And so it happens that I write now from my family’s home in South Jersey, feeling a bit apprehensive about where I stand. Essentially, I’m in the same position that I was around this time last year– scared and standing before my next unknown.
I don’t know how long it will take to secure a steady job in my field in this highly competitive job market.
I don’t know exactly what that job will be or where it will take me. While I am generally open minded about where I pursue work opportunities, at this stage in my life I am also craving to move forward in ways that I know are largely inhibited by hopping from city to city (or from country to country). I am looking for longevity in wherever I move next and have focused my search accordingly.
Until fairly recently, I didn’t even know if I made the right choice in moving abroad. The tumult in which I left Ethiopia left me so full of doubt.
It wasn’t until August that I came across all the evidence I needed that living abroad was one of the best decisions I ever made for myself. Following the end of my summer job, I was freaking out because I had booked extra time out in California with absolutely no plans. Zilch. Nada. None. But suddenly, something inside me clicked: wait, I’ve DONE this before. Completely on my own, I had an amazing day exploring Vienna on my layover and then eight awesome months getting to know the incredible country that is Ethiopia.
It occurred to me that the girl I was a year ago would not have known that she had it in her to chart her own course with such confidence.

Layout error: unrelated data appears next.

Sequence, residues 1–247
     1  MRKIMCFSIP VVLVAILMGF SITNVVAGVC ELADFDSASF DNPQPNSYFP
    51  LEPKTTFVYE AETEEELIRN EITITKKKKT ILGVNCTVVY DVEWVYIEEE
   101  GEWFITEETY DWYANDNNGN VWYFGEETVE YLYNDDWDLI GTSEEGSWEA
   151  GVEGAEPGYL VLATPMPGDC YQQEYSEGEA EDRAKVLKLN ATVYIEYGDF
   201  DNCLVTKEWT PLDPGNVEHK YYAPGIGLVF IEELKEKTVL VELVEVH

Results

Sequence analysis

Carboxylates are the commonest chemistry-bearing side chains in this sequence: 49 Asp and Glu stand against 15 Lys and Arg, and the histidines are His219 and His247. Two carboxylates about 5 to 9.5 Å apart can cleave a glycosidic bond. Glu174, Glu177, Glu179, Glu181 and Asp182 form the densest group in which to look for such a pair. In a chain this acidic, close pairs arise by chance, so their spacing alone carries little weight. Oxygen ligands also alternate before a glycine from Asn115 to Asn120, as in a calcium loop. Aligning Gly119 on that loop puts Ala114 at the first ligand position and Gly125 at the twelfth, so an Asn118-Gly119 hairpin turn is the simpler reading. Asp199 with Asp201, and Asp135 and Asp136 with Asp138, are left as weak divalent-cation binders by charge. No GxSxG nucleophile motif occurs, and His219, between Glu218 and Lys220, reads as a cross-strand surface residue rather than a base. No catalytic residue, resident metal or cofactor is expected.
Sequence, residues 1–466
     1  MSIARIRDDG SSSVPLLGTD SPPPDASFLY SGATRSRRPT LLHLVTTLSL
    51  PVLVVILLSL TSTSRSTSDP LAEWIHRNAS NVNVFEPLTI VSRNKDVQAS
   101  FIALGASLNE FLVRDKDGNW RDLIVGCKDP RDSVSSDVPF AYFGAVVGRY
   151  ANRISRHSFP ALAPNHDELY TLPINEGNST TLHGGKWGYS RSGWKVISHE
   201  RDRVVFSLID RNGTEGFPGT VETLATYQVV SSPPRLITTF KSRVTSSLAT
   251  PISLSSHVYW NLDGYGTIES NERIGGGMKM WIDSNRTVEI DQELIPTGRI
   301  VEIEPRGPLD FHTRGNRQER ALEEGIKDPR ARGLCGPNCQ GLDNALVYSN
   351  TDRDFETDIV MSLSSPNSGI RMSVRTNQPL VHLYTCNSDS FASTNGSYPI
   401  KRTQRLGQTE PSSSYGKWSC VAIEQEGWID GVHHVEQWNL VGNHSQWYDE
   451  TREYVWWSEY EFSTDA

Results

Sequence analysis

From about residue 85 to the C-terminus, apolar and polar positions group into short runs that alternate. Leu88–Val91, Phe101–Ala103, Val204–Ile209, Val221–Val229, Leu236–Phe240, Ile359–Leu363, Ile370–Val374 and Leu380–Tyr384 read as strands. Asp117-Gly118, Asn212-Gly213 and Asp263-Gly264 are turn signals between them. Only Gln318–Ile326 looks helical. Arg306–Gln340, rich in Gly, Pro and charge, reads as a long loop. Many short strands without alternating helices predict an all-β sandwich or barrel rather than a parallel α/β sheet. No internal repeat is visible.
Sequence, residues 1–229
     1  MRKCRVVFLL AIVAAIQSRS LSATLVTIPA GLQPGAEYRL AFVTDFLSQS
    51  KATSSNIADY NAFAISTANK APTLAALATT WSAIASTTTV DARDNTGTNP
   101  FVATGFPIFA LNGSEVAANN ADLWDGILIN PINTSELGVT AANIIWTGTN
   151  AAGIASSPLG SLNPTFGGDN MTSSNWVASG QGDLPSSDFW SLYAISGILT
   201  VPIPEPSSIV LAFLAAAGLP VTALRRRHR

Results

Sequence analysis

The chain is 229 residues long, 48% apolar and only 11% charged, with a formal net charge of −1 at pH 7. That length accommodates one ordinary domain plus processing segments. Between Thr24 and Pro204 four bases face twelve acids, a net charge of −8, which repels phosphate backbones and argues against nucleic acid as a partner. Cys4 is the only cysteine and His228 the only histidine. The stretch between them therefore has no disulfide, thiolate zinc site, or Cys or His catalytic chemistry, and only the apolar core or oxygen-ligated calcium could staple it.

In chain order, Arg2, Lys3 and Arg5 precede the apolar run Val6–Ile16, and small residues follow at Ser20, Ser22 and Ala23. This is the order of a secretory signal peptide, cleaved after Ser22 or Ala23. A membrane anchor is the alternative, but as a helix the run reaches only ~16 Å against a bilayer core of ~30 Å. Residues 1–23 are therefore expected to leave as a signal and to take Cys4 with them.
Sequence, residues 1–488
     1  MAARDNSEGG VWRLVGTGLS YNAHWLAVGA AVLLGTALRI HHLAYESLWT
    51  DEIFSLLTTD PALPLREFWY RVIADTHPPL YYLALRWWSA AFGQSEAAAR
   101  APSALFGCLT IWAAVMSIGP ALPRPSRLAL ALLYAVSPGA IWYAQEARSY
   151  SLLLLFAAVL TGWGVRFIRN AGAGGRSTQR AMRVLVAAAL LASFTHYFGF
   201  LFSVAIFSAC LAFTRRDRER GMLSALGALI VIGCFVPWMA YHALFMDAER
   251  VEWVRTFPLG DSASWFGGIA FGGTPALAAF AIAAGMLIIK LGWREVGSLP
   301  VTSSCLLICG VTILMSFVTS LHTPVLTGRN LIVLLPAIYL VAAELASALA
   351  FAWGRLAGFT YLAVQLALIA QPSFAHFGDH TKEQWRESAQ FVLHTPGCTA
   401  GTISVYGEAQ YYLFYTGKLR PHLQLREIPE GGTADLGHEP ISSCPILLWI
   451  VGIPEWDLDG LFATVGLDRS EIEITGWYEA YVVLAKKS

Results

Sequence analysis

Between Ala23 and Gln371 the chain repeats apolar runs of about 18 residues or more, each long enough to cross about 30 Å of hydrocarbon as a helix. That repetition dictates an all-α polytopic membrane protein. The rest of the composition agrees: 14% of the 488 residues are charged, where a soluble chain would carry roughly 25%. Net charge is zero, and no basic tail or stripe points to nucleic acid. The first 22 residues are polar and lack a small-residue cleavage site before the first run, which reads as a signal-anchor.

Wasn’t my quest for self empowerment precisely the biggest reason I chose to move to abroad in the first place? Revisiting everything I learned while living in Addis and working at Whiz Kids Workshop, I discovered that I learned so many new things about myself- things I never would have expected when I first moved to Ethiopia.
Sure, I learned a ton about making media for children- but what was more important was the inspiration I found in the people behind the craft. I learned a lot about what happens behind the scenes to run a successful show, and found that above all else demonstrating respect and appreciation for hard work is what keeps a good team together. While I learned a lot about my long-held interest in international children’s programming, I found I was even more excited about using media as an agent for health education. Completely unrelated to work, I found that I do really want to have kids someday (I blame my boss’s adorable children for this). I met people from all over the world who taught me to embrace calm, treat everyone like a potential friend, recognize and run from red flags, look out for the new kid, and know that with drive and dedication, you can create anything you imagine if you work hard and work smart.
Everything that we know was once unknown. Every new exciting place, every new spice we taste, and every new friendly face holds the power to sweep out the corners in our mind that we never knew we left untended. In these corners relationships are forged, ideas are born, and lives are changed. All it takes to is the courage to board that plane, smile at that stranger, send that application, pick up that book, or pursue that passion project- whatever it means for you to take a step in your search for everything you hope to know.
This I now know- while I may not have all the answers I sought from moving abroad a year ago, I returned with more questions- and questions are what help us grow.